There were a couple things I didn't love. (Here come them pesky SPOILERS I told you about.) First, does Quentin have to make heavy-handed references to other movies in every single film he makes? Usually it takes place in the dialogue, but in Basterds, the heroine owns a movie theater, which is also where the climax occurs. A main character is a (fictional) superstar German actress. There are references to then-popular culture throughout the film. I'm not saying it doesn't all work, because some of it does. But the fact that cinema has to play such a role in such a real-life time period says something about Quentin's possible lack of perspective here.

Secondly, Quentin needs an editor. I don't mean necessarily that the movie is too long, because if a movie is good (or near-great, as this one is) it can be as long as you want it to be. What I mean is that within his scenes of dialogue, Quentin doesn't have anyone who can stand up to him and tell him how to chop up the scenes. As dynamic and kinetic as his action scenes are, his scenes of dialogue are equally stodgy and overly verbose. (This is the plague that killed Jackie Brown.)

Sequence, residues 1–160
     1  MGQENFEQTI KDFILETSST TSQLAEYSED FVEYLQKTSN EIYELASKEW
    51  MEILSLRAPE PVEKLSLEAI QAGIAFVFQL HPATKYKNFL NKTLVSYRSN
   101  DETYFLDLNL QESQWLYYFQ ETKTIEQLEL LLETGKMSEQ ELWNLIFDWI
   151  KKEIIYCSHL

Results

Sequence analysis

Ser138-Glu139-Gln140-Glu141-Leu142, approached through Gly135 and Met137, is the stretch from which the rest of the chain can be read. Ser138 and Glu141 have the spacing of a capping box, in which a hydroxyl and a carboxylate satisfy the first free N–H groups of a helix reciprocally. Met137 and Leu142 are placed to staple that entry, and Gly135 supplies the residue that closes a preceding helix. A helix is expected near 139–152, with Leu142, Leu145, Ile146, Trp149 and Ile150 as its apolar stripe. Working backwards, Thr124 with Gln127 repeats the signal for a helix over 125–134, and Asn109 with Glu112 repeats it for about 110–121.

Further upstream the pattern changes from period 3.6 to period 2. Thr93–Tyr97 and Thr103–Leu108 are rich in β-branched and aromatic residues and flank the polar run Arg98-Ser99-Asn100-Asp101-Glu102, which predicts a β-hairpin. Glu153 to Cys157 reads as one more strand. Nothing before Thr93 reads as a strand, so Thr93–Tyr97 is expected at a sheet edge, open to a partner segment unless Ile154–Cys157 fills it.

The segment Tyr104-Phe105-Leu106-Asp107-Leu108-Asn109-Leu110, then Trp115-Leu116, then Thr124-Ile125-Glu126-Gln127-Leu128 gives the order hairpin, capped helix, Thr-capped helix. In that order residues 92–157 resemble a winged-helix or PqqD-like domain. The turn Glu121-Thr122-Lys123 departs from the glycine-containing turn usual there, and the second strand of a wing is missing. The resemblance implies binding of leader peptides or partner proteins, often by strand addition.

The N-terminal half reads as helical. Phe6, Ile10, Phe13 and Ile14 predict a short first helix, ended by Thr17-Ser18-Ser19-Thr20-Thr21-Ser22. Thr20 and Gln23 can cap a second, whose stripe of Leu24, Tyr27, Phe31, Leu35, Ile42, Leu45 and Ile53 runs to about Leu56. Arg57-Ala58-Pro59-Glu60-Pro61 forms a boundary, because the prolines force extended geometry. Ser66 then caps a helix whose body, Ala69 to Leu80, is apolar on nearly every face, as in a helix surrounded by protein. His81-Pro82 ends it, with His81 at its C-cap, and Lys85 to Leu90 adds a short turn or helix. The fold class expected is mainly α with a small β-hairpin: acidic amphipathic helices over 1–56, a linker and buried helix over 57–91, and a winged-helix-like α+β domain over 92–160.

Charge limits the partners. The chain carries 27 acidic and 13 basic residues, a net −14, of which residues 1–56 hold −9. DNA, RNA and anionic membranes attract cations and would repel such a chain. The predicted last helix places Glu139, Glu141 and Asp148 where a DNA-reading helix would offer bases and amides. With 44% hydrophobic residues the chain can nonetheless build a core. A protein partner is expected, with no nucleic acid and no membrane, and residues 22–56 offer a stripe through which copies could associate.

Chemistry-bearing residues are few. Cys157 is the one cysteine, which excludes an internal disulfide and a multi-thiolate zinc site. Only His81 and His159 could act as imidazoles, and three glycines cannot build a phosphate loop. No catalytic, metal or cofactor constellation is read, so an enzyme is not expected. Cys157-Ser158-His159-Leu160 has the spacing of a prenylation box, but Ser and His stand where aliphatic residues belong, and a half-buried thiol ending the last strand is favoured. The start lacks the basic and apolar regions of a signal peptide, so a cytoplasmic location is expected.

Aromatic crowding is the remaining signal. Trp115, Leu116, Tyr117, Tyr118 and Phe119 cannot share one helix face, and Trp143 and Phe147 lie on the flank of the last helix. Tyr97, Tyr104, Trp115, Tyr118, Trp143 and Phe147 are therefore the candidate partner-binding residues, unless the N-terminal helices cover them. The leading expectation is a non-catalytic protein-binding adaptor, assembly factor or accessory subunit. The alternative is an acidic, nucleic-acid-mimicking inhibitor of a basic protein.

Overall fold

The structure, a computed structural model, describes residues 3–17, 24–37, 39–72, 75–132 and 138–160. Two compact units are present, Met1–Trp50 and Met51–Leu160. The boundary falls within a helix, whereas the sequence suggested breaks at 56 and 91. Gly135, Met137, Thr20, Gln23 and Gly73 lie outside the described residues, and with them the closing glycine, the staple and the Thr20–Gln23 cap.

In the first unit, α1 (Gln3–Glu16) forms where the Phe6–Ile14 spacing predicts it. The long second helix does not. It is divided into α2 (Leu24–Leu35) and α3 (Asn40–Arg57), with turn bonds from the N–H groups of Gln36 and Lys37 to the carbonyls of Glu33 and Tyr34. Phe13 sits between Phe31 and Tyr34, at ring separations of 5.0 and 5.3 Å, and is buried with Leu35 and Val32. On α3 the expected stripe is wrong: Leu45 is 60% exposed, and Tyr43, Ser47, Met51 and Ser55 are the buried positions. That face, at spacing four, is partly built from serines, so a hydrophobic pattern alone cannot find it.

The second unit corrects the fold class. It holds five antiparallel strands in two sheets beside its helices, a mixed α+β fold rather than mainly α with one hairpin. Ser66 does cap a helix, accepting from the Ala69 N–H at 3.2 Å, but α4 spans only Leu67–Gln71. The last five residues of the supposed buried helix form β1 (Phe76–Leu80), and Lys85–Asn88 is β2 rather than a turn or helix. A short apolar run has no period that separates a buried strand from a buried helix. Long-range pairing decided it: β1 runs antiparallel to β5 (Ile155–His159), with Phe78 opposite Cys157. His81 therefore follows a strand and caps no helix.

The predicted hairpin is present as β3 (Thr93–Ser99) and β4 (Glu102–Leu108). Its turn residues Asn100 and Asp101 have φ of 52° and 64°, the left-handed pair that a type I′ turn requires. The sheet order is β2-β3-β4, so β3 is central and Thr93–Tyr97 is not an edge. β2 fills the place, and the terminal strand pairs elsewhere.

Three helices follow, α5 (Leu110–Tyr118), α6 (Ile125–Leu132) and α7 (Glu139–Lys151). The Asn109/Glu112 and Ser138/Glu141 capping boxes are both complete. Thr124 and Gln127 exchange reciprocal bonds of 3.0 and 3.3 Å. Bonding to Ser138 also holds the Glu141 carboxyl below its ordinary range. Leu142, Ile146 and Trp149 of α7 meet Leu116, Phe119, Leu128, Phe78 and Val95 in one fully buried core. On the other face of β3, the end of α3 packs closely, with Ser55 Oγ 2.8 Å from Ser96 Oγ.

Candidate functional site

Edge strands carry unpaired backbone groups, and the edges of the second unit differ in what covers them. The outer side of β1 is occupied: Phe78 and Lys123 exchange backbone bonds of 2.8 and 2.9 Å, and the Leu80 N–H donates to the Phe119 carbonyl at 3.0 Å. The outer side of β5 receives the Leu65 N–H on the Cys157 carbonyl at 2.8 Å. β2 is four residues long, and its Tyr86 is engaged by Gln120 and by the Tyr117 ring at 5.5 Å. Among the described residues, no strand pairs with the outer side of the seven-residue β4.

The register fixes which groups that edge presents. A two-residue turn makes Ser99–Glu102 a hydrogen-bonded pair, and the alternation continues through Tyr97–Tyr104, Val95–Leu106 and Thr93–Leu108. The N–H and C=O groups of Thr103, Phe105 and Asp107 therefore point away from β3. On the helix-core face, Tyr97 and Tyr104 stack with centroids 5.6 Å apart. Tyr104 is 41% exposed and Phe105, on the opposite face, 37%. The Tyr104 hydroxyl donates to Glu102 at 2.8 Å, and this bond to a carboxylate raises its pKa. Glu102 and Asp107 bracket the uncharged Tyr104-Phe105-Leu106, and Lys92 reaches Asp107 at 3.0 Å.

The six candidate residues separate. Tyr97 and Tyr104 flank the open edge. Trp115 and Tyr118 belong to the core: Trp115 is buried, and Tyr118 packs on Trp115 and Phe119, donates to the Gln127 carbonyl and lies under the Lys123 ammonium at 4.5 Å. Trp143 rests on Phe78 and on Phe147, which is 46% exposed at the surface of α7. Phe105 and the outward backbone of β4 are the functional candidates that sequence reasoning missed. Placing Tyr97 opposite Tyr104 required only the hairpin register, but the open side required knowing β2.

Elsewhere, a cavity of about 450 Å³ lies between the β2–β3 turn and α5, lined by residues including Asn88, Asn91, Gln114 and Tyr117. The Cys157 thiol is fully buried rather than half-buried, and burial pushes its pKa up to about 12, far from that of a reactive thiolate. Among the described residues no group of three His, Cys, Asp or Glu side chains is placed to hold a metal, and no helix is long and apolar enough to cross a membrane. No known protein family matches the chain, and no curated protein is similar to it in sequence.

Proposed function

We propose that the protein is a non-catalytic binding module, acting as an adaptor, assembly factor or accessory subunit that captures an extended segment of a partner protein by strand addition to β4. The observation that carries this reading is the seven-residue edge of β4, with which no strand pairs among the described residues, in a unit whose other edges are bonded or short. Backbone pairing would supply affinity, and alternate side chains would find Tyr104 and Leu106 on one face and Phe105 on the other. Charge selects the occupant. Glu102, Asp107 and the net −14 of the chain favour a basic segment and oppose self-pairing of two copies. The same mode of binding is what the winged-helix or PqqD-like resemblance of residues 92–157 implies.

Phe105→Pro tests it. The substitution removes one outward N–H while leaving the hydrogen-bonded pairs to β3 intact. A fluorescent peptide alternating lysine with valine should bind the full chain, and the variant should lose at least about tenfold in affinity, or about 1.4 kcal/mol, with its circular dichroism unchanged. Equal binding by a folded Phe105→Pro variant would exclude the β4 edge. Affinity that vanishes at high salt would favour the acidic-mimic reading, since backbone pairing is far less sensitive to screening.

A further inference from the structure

Quentin is so enamored with his own words that he doesn't know when to cut out a few words here or there, or let the subtext shine through. He could use a good David Mamet rewrite to get rid of a lot of the extraneous words. Some of the dialogue could be just as easily conveyed with a glance or a cut away to an object, or something non-verbal. When Quentin figures this out, he will make the greatest film of all time.

Those two qualms out of the way, this is a brilliant film. Absolutely brilliant. It's brutally violent, and it is tense throughout, notably in two scenes.

The first is a scene in an underground bar, where a game of Hitchcockian intrigue plays out, that ends in what has to be the loudest gun-battle I've ever seen. This scene is played to perfection throughout by all the characters, and it is so tense that when it's over it's like being jarred out of a trance. It's a brilliant scene and worthy of the greatest suspense films.

But then there is the coup de grace: the climax in the movie theater. And not for the reason you might think.